The day at Lang Pioneer Village included a lot of stops. Our next one was the cider mill where people brought apples to be sorted, pressed and made into cider. The girls know about apple picking and they’ve tasted sweet apple cider, but this was interesting.
Here we are inside the mill with the guide showing us how the wheat is ground into flour. I was impressed how the young man there showed the girls the process on a level they could understand. He talked about and showed how the flour was ground, what flour was more valuable, and about all the equipment and what it did. We went up to the top floor of this large stone structure, looked at all the hoppers and tools, and looked out the window at the water below, then back down all those stairs and outdoors again.
We enjoyed the day and the girls were very interested in many aspects of this place. I’m sure we’ll be back again another year.
Thank you so much to all the guides and volunteers for telling us about the village and the people who lived in these places and worked at these jobs. Thank you for taking special interest in the way children understand might view the place and time. You made it a special day for them and us.
This year when we toured Lang Pioneer Village, we were there with our daughter and her two young children. Seen and experienced from an almost-4 to a nearly-6 year-old’s perspective, we would understandably travel through the village at a different pace than we did a year ago.
We started our tour with the animal pen next to the Milburn House, where pigs were snuffling in their pen and coming to see who was looking in at them.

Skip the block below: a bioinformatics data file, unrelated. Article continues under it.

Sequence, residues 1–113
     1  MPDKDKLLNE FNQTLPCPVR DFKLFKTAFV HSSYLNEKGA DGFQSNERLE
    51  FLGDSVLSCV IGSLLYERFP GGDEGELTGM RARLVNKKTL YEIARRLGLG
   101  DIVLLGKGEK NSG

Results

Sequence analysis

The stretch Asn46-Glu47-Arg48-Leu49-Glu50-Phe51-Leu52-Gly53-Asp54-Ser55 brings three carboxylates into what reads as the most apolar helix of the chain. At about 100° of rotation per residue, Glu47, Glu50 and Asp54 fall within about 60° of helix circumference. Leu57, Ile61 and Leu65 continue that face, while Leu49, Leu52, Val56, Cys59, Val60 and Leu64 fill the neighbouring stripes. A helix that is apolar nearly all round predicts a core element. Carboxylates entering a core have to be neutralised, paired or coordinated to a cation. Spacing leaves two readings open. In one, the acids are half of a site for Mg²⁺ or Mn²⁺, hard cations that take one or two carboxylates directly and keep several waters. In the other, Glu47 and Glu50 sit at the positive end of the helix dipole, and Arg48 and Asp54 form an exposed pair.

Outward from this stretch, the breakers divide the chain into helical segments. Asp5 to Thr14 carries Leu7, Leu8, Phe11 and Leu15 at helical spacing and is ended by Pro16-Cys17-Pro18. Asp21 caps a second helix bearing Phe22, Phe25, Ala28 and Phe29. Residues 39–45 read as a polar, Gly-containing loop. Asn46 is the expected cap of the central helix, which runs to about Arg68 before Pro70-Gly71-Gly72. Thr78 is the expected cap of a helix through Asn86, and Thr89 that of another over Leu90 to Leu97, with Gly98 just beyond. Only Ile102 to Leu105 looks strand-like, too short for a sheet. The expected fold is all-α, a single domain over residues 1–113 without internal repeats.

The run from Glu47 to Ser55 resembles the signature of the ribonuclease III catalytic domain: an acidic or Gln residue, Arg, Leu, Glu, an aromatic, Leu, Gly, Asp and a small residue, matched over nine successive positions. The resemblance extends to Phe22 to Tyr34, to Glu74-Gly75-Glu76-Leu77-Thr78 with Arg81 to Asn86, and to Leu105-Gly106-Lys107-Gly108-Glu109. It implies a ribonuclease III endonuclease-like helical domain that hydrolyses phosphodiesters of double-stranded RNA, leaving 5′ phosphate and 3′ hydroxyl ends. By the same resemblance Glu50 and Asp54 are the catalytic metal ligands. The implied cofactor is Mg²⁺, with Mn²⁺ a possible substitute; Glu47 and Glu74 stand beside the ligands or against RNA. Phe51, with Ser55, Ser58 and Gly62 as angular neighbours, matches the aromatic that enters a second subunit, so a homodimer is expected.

Next we went to the Hastie Carpenter Shop where the volunteer said they made things of wood, and especially wheels for the buggies and wagons. Then the tinsmith shop to see what was there.
Outside of the Fife cabin (shown above) was a guide using a single spindle to get her yarn ready for knitting. A fire was going in the pit nearby where she would cook her meal or dye her yarn. We looked inside the cabin. It was quite dark compared to other buildings. The bed was a box on the floor with blankets in it and a fireplace at the end for warmth and cooking. The girls were interested to see how things looked there.
We crossed the road to the Fitzpatrick House where the guide told us about the family gathering in the main room. They would eat there and sit around the table for it was the only heated space in the house. We trudged up the narrow winding steps, holding on to the handrail, to the upstairs to see where the family slept. Here they had beds and a quilt rack was set against a wall showing a project the mother might be working on. The beds were much different than the girls were used to and I wondered what they were thinking about it.